Exercise that boosts the heart rate is by far one of the best and most immediate ways to help yourself feel better when you're sluggish. Walking, swimming and low-impact aerobics are examples of this type of exercise. It may be hard to make yourself exercise if you're in a bad mood, but the benefits are well worth the effort!
Sticking with a regular program of exercise can help keep your outlook bright on an ongoing basis. In addition to the immediate mental benefits, imagine how your self esteem will soar when you see the physical benefits of regular exercise! Of course, be sure to check with your doctor or physical therapist to find out what kinds of exercise are safe and appropriate for you.
Sleep is another powerful weap-on against the blues, especially during a flare, when you may be in more pain and need more rest than usual. Taking a short nap or going to bed earlier than usual may do wonders toward restoring a sunny outlook. Sometimes just cutting back on some of your activities or taking short rest breaks can help.
There are also a lot of little things you can do to boost your mood, from creating a cheerful environment to treating yourself to something you enjoy now and then. Try these suggestions, then come up with your own personalized "blues busters". . Surround yourself with bright, cheerful colors. Wear a fuschia blouse; buy a bright yellow umbrella. Stay away from dark tones like navy blue and gray when you're feeling dismal. . Do something just for you. Try putting fresh flowers in your living room or sneaking off to a movie alone. Splurge on a treat, such as a new scarf, maid service for the day or a box of gourmet chocolates. You deserve it! . Turn on your favorite music, put up your feet and relax. Or sink into a hot bubble bath with a good magazine. . Don't over-indulge, but eat your favorite "comfort foods" such as soup or macaroni and cheese. Carbohydrates like popcorn or potatoes have a natural calming effect. . Call or get together with a friend who makes you laugh. Another person's humorous outlook can be infectious! . Do something nice for someone else-take a meal to someone who is homebound, for instance. By getting "outside" of yourself for a little while, you may realize that there are others worse off than you -and you may see your own problems in a new perspective. . Try the whimsical suggestions on the next page.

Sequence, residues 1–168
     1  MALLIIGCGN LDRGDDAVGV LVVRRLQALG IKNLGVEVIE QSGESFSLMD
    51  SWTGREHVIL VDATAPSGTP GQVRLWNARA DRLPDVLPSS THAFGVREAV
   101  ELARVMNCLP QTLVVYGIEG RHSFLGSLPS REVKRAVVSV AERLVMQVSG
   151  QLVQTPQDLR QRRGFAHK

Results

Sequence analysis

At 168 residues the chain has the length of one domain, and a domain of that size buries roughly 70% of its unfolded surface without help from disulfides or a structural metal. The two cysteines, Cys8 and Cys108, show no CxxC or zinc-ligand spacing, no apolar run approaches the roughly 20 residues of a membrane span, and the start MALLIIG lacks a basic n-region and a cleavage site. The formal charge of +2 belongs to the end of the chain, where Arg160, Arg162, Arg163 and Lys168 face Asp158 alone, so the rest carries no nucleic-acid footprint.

When depression persists
If you find that, despite your efforts to the contrary, your dark mood persists for days or weeks, it's time to consider professional help. Do you find yourself withdrawing from family and friends? Are you often irritable, gloomy and negative? Are you paying less and less attention to your personal appearance? Do you frequently feel that life is "just not worth the bother"?
These are possible signs of serious depression, which can be helped with treatment. Talk to your physician about your concerns-some medications can even cause depression. Your doctor can also refer you to a qualified psychologist or psychiatrist if necessary. Or you might feel more comfortable talking with a clergyman or social worker.
Talking to a professional about your feelings is certainly nothing to be ashamed of. Many people have benefitted from having an objective, trained person help them sort through disturbing emotions. If you can't seem to shake your depression by yourself, the best thing you can do for yourself is get help!
Above all else, remember that no matter how down you are, you will feel better eventually. A time will come when you can't really remember why life seemed so grim. Ride out the bad times, knowing that good times are ahead.
Life is, after all, a spectrum of emotions. The only people who truly appreciate the highs are those who have known the lows!
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|Author:||Witter, Dianne C.|
|Date:||Jan 1, 1989|